Prof Kevin Passmore
Democratic Century: Democracy, Majorities, and Pluralism in Europe since 1880 (Oxford: Oxford University Press)
Democratic Century will trace the meanings and of the term 'democracy' and ask what was at stake in it use in a period in which the word has been harnessed to liberal democracy, Soviet popular democracy, the Nazi’s Teutonic Democracy’, nationalism, socialism and more. The book will break with the national comparative logic of many histories of Europe; it will show that the nation-state was only one of the frameworks within which people organized their actions, and was the most important in only particular contexts. At other times, frameworks larger than the nation (economies, religions, ideologies) or smaller (family, region) were more significant to people in the past.
The historiography of the social sciences
Interdisciplinary project organised by Professors Philippe Fontaine (École normale supérieure, Cachan) and Trevor Backhouse (University of Birmingham). Publication by Cambridge University Press
Who writes the history of the social and human sciences? Is the history of history written by academics inside or outside the discipline? Is it written in dialogue with other disciplines? What is the relative emphasis on intellectual history of the discipline and of and institutional, cultural and political frameworks? What influence has the evolution of historical writing had on the way that anthropology, sociology, economics, and political science write their histories—and vice versa?
Fascism as a Social Movement
Contribution to the Conference, 'The history of Social movements: a global perspective'
To approach fascism as a social movement in a transnational context is to buck the trend in studies of ‘generic fascism’ and indeed to question the objective of constructing a model of fascism at all. Research on social movements emphasises goal directed, rational-within-a-context collective action outside institutional frameworks, either to promote or resist change. As such, social movements are very different from collective outbursts, crazes or fads. Yet the currently fashionable political religions approach to fascism depends precisely upon an unacknowledged reworking of late-nineteenth century crowd theory. It sees fascist movements and regimes as a variety of crowd, and to explain their emergence, uses the classic strain-breakdown–reintegration model. It assumes that an elite (or rather a demagogic counter elite), the high-priests of the political religion, manipulates the irrational, disoriented and undifferentiated mass, and mobilises it for a project of revolutionary transformation. There is little room in political religions theory for goal directed action on the part of the mass; its agency is limited to expressing the desire for charismatic leadership. However, political religions theory does provide insight into the emotional and ideological dimension of fascism, while strain-breakdown theory helps us to understand the 'opportunity structure' of with which protagonists counted.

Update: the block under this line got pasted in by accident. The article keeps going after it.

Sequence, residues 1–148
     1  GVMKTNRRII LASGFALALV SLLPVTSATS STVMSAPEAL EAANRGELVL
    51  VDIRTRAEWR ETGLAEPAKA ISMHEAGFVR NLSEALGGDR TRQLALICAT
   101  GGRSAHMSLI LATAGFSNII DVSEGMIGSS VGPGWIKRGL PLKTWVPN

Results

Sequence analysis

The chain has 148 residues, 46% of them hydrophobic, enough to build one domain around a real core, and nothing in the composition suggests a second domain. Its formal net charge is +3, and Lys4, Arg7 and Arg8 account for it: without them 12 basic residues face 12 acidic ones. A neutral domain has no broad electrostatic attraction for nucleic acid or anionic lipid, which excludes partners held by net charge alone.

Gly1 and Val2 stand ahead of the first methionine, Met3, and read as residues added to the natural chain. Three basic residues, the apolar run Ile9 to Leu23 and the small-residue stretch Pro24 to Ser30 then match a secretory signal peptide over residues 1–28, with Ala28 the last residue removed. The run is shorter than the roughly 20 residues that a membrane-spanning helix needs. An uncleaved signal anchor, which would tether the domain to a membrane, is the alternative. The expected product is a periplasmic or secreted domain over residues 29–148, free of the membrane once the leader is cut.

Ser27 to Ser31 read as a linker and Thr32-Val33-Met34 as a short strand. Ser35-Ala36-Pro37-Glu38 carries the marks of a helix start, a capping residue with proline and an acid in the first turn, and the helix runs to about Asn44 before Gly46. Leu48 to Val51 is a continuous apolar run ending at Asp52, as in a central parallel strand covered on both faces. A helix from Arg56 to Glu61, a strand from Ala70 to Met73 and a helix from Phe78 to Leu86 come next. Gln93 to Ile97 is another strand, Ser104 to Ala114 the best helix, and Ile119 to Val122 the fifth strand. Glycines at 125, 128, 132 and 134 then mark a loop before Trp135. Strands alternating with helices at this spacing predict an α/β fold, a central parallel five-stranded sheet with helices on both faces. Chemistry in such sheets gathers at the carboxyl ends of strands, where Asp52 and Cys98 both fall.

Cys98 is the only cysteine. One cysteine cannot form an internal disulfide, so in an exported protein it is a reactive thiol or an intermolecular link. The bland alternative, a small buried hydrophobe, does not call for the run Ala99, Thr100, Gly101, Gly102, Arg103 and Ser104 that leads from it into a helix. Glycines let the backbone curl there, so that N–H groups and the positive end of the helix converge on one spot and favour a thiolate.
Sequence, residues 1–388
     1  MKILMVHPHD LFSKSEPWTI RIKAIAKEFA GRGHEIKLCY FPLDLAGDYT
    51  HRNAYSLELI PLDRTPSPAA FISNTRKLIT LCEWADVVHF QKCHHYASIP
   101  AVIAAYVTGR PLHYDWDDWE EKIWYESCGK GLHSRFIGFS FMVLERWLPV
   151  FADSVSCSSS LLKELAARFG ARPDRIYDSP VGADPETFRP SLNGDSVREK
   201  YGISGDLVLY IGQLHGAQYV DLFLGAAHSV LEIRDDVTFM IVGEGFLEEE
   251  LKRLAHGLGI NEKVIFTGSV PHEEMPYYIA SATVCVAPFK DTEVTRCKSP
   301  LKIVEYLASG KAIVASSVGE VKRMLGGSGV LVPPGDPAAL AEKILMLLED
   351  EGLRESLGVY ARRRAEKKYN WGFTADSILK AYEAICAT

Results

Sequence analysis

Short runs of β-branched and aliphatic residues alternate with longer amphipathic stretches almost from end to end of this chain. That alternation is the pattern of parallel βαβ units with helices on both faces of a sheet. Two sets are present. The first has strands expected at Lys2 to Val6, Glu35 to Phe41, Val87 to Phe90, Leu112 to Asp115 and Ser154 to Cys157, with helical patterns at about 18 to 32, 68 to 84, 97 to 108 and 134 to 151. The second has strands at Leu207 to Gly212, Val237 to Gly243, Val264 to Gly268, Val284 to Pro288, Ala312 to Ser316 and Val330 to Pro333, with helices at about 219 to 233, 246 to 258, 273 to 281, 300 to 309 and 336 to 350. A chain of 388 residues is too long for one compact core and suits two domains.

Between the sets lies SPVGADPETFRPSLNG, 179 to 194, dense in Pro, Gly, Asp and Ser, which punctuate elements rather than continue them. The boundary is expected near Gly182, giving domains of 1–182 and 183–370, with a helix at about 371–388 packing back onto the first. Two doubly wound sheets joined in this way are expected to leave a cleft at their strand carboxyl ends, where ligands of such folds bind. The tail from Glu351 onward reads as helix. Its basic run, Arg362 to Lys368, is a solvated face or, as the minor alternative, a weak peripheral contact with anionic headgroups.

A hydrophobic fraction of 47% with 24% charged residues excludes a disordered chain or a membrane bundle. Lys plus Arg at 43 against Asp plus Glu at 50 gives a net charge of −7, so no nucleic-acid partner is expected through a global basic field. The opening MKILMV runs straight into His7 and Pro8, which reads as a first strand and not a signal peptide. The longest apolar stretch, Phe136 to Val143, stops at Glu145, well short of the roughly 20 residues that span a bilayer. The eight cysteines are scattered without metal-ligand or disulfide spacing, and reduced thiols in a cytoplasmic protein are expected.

Conference: Political violence in interwar Europe, 1918-1940
From confrontations during strikes to the street battles of extremist groups, violence was a feature of interwar European politics. As countries entered an age of mass politics, governments searched for ways to integrate their peoples into the political system. Yet violence as a means of political expression and engagement persisted, even in democratic nations. Violent political conflict preceded the establishment of fascist regimes in Italy and Germany, and civil war in Spain. In Eastern Europe, the collapse of empire and the founding of new nation-states gave rise to violent political struggle. In France and Britain, street fighting and rioting raised fears over the breakdown of order in the western democracies. State authorities could respond with implicit approval directed at enemies or with force, especially in colonial territories. Groups that resorted to violence were often part of broader international political phenomenon and organisations such as Communism and Fascism. The development of the ideas and practices of such groups was subject to transfers across national boundaries. Yet most existing histories tend to focus on particular national contexts or countries where extremist governments came to power. Furthermore, accounts take either the left or the right as their subject, but say little about common practices and attitudes.
19-21 September 2012, Jointly organized with Chris Millington